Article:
Fukushima Daiichi nuclear plant finally in cold shutdown
Japan declared its tsunami-stricken Fukushima nuclear power plant to be in cold shutdown on Friday in a major step toward resolving the world's worst nuclear crisis in 25 years.
The Fukushima Daiichi plant, 240 km (150 miles) northeast of Tokyo, was wrecked on March 11 by a huge earthquake and a towering tsunami which knocked out its cooling systems, triggering meltdowns, radiation leaks and mass evacuations.
In making the much-anticipated announcement, Prime Minister Yoshihiko Noda drew a line under the crisis phase of the emergency at the plant and highlighted the next challenges: post-disaster clean-up and the safe dismantling of the plant, something experts say could take up to 40 years.
"The reactors have reached a state of cold shutdown," Noda told a government nuclear emergency response meeting.
"A stable condition has been achieved. It is judged that the accident at the plant itself has ceased," he added, noting radiation levels at the boundary of the plant could now be kept at low levels, even in the event of "unforeseeable incidents."
"The government is due to set a clear road map and will do the utmost to decommission the plant," Noda later told a news conference.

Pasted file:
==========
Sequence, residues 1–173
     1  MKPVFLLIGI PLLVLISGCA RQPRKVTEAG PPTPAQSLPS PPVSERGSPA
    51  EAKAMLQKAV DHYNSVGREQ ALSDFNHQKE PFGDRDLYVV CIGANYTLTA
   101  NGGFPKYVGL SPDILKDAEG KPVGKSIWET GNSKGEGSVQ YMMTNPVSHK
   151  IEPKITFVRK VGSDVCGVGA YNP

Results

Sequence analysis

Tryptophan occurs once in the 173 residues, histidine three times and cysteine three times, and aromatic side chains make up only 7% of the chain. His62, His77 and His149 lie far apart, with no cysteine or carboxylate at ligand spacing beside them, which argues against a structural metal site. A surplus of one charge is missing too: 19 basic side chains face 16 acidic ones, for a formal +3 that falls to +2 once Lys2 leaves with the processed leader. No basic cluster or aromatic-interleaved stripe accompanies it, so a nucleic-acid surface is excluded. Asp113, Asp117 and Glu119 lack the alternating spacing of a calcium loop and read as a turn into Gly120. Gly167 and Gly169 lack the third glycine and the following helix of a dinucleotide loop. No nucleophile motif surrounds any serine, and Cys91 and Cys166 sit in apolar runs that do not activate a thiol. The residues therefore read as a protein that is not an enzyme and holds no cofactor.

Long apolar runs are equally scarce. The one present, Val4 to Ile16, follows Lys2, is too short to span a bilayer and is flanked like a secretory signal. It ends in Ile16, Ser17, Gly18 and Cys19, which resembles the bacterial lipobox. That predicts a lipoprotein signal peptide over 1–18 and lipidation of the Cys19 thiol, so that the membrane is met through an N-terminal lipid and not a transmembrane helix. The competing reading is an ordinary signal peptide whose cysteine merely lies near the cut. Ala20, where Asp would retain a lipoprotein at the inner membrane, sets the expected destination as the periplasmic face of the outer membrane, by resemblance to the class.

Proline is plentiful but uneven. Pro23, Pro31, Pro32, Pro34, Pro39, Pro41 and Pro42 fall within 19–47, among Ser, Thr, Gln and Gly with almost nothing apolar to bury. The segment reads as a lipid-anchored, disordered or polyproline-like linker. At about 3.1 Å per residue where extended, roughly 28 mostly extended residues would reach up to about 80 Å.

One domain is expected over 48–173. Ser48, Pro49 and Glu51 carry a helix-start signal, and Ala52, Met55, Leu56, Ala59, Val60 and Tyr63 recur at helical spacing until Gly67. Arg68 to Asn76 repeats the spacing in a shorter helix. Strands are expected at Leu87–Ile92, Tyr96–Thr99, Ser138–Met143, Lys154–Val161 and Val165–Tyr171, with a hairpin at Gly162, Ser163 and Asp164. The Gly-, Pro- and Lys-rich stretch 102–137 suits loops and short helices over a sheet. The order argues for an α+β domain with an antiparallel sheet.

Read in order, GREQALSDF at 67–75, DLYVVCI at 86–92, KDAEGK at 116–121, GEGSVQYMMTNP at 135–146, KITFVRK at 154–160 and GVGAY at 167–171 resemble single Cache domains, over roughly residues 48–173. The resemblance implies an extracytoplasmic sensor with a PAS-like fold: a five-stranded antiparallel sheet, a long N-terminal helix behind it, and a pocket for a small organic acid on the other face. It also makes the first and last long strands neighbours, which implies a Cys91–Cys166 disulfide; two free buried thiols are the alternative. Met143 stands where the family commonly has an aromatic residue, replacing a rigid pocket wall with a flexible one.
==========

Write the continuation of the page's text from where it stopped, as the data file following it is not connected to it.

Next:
A cold shutdown is when water used to cool nuclear fuel rods remains below boiling point, preventing the fuel from reheating. One of the chief aims of the plant's operator, Tokyo Electric Power (Tepco), had been to bring the reactors to cold shutdown by the year-end.
After months of efforts, the water temperature in all three of the affected reactors fell below boiling point by September, but Tepco has been cautious about declaring a cold shutdown, saying it had to see if temperatures and the amount of radiation emitted from the plant remained stable.
The declaration of a cold shutdown could have repercussions well beyond the plant. It is a government pre-condition for allowing about 80,000 residents evacuated from within a 20 km (12 mile) radius of the plant to go home.
But Kazuhiko Kudo, professor of nuclear engineering at Kyushu University, said authorities still needed to determine exactly the status of melted fuel inside the reactors and stabilize a makeshift cooling system, which handles the tens of thousands of tons of contaminated water accumulated on-site.
"What is more important is the next steps the government and Tepco decide to take," Kudo said.
Photo shows leakage from evaporative condensation apparatus inside the desalination facility at the tsunami-crippled Fukushima Daiichi nuclear power plant in Fukushima prefecture, in this handout picture taken December 4, 2011.
Credit: Reuters/Tokyo Electric Power Co./Handout